3 Min Read
CALGARY, Alberta/NEW YORK (Reuters) - Canada's largest synthetic crude project will return to normal operations toward the end of September, its operator said late on Wednesday, confirming market talk of an extended outage after last weekend's fire.
The Syncrude venture, which produced 326,000 barrel per day of synthetic crude in July, will operate with "minimal synthetic crude oil shipments and operating rates" for the next two weeks as part of a phased recovery, Canadian Oil Sands Ltd, the joint venture partner with the largest stake in Syncrude, said in a statement.
"Affected units are planned to be subsequently restored to operation, with a return to more normal production rates anticipated toward the end of September," it said.
The disruption means that Syncrude output this year will be "near the low end" of the current 96 million to 107 million barrel range for the year, COS said.
The company said the fire had damaged "pipes, power and communication lines on a pipe rack between a hydrotreating unit and its associated amine unit," but did not damage mining and extraction operations or other major upgrading units.
The operating rates of undamaged units have been "safely reduced in a controlled and stable manner," it said.
Cash prices of Canada's synthetic crude jumped on Wednesday, swinging to a premium against U.S. crude on the growing fears of a prolonged outage after the fire at the facility's Mildred Lake upgrader on Saturday. The worries also contributed to a rally in the U.S. crude futures market, traders said.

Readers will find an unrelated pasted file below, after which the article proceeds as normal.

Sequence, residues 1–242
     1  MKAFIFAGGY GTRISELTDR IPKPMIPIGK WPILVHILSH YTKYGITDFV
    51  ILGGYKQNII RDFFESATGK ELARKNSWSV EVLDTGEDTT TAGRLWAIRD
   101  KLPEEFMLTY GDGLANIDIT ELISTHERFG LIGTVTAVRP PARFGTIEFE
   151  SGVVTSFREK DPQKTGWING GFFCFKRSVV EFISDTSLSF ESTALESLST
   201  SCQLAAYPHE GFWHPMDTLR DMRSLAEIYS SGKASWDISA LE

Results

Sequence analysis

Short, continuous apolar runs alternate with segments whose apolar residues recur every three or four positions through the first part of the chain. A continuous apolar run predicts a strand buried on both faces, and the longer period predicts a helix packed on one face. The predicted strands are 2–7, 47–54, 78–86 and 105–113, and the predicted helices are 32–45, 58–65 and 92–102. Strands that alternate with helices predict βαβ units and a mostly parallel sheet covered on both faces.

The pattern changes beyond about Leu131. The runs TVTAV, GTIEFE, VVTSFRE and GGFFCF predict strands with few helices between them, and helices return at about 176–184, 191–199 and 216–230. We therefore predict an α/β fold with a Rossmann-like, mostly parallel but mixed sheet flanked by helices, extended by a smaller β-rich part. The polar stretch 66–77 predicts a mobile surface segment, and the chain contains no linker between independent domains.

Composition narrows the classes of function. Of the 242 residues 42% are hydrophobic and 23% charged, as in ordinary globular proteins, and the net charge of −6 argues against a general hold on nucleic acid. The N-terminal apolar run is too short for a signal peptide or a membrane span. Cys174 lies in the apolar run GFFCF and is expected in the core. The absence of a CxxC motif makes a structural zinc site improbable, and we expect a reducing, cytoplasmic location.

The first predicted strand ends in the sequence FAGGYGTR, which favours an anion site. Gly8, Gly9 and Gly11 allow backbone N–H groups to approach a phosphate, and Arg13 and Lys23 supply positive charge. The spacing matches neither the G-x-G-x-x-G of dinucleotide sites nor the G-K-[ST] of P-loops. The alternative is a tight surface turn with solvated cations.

While some traders originally expected the outage to last for days, three sources said earlier that the company was now anticipating the loss of 6.1 million barrels in September.
Light synthetic crude from the oil sands for October delivery jumped to $2.00 per barrel above the West Texas Intermediate benchmark, according to Shorcan Energy brokers. That was the strongest premium since late June and $6.50 higher than last Friday, prior to the fire.
The front to second month WTI spread tightened on Wednesday, trading from as wide as negative 68 cents up to negative 55 cents around midday, as traders anticipated less crude arriving at Cushing, Oklahoma, the delivery point of the U.S. crude futures contract.
Reporting by Nia Williams in Calgary and Catherine Ngai in New York; Editing by Alan Crosby, Jeffrey Benkoe and Leslie Adler